insurmountable, but they will be difficult to overcome without
direction and support from senior leaders at DOD, such as from the
Office of the Secretary of Defense (OSD), and sustained attention to
overcoming the impediments and developing and executing the
conversion plan. 


   A 1954 DIRECTIVE SPECIFIES
   MILITARY ESSENTIAL CRITERIA
------------------------------------------------------------ Letter :3

In 1954, DOD issued Directive 1100.4, which requires defense
activities to program the minimum number of personnel needed to meet
national security objectives and to use civilians whenever possible. 
The guidance directs the use of military personnel for any one or
more of the following reasons: 

  -- Required training is only available in the military. 

  -- The position is needed to maintain combat readiness. 

  -- The position requires a general military background for
     successful execution. 

  -- The law requires that the position be staffed by military
     personnel. 

  -- The position must be military in order to maintain good order
     and discipline or exercise authority under the Uniform Code of
     Military Justice. 

  -- The position is needed to ensure adequate opportunities to
     rotate personnel from overseas locations or sea duty to tours of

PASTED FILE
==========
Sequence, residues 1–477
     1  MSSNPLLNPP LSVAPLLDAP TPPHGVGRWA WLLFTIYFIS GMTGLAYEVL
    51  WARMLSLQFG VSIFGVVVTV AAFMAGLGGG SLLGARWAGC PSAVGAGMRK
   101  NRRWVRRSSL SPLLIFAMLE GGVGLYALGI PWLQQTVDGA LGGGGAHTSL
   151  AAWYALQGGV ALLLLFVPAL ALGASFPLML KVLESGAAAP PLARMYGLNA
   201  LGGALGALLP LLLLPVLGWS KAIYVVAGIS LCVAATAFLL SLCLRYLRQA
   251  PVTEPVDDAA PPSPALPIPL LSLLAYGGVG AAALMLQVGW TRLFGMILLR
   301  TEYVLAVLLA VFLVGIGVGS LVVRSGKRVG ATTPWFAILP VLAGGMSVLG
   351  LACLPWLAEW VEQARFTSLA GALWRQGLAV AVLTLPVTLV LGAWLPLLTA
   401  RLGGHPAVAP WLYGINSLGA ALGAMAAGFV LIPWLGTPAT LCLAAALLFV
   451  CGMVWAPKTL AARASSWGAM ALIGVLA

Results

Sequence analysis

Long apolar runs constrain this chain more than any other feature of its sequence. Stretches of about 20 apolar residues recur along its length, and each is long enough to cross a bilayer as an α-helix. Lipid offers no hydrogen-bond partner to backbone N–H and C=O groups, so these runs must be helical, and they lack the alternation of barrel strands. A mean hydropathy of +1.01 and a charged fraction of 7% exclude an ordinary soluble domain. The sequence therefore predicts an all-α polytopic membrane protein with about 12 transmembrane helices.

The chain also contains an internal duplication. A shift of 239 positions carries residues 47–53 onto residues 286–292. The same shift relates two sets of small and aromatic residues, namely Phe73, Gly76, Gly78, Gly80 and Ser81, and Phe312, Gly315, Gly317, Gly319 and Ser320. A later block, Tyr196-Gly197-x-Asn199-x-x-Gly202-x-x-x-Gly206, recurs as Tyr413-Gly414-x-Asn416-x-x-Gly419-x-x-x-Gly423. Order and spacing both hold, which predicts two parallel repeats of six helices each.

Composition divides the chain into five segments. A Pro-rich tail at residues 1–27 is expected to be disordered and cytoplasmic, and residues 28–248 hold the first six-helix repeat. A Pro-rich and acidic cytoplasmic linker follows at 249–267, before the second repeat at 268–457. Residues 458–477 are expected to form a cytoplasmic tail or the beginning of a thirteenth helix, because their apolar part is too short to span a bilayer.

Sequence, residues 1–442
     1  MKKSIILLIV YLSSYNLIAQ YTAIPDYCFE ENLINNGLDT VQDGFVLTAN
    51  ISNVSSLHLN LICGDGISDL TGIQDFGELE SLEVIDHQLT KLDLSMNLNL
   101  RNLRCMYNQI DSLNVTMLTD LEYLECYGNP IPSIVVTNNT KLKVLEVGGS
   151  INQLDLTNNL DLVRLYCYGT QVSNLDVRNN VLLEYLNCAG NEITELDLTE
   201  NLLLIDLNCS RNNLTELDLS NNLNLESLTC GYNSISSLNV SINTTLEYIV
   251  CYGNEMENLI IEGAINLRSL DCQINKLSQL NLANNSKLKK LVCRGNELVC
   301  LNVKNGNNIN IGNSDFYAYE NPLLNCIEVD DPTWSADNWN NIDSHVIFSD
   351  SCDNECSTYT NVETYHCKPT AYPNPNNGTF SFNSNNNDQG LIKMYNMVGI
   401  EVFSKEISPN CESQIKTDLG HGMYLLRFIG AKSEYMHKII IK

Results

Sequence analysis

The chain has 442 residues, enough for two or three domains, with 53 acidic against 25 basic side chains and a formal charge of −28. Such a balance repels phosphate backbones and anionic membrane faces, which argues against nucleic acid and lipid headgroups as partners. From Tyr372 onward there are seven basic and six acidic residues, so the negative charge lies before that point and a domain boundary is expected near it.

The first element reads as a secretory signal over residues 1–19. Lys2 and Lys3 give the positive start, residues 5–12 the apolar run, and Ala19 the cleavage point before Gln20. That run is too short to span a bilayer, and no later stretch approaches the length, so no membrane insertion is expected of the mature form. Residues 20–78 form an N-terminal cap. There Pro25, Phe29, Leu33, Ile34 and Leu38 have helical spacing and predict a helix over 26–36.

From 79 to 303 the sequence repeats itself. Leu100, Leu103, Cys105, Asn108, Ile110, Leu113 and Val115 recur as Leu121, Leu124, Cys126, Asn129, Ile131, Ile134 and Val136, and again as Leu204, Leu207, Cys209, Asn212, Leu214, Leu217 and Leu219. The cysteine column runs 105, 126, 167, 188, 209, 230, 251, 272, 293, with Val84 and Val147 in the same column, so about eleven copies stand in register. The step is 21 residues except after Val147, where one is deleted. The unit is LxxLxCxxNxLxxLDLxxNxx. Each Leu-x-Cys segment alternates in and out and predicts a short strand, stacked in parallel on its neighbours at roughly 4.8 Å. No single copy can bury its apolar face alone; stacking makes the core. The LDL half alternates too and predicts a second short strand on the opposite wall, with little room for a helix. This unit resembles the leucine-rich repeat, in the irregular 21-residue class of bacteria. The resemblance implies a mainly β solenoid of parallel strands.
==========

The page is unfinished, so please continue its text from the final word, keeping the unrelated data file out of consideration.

duty in the Continental United States (CONUS). 

  -- The position must be military for security reasons in which the
     incumbent may be involved in combat, expected to use deadly
     force, or expected to exhibit an unquestioned response to
     orders. 

  -- The position requires unusual duty hours that are not normally
     compatible with civilian employment. 

The services, the joint activities, and the defense agencies were all
created and maintained to accomplish specific missions.  These
activities established staffing requirements at the time their
missions were tasked to include determining which positions were
military essential.  Since the activities were established, staffing
requirements may have changed as missions or doctrine changed,
technological innovations were introduced, funding priorities
changed, or major reorganizations were implemented.  To respond to
changes requiring additional personnel, commanders determined new
staffing requirements and requested authorization from their major
commands to fill the positions with DOD Directive 1100.4 available as
guidance in determining which positions are military essential. 
However, there are no DOD or service systems in place to ensure the
continued validity of previous decisions regarding the military
essentiality of established positions in organizations not
experiencing such change.  Since the establishment of officer
positions can be subjective and judgmental and the services generally
prefer using military rather than civilian staffing, once the
positions are established, neither the services nor local commanders
have much incentive to revalidate the positions and these positions
often remain categorized as military essential because they already
are military. 


   THOUSANDS OF OFFICER POSITIONS
   ARE CANDIDATES FOR CONVERSION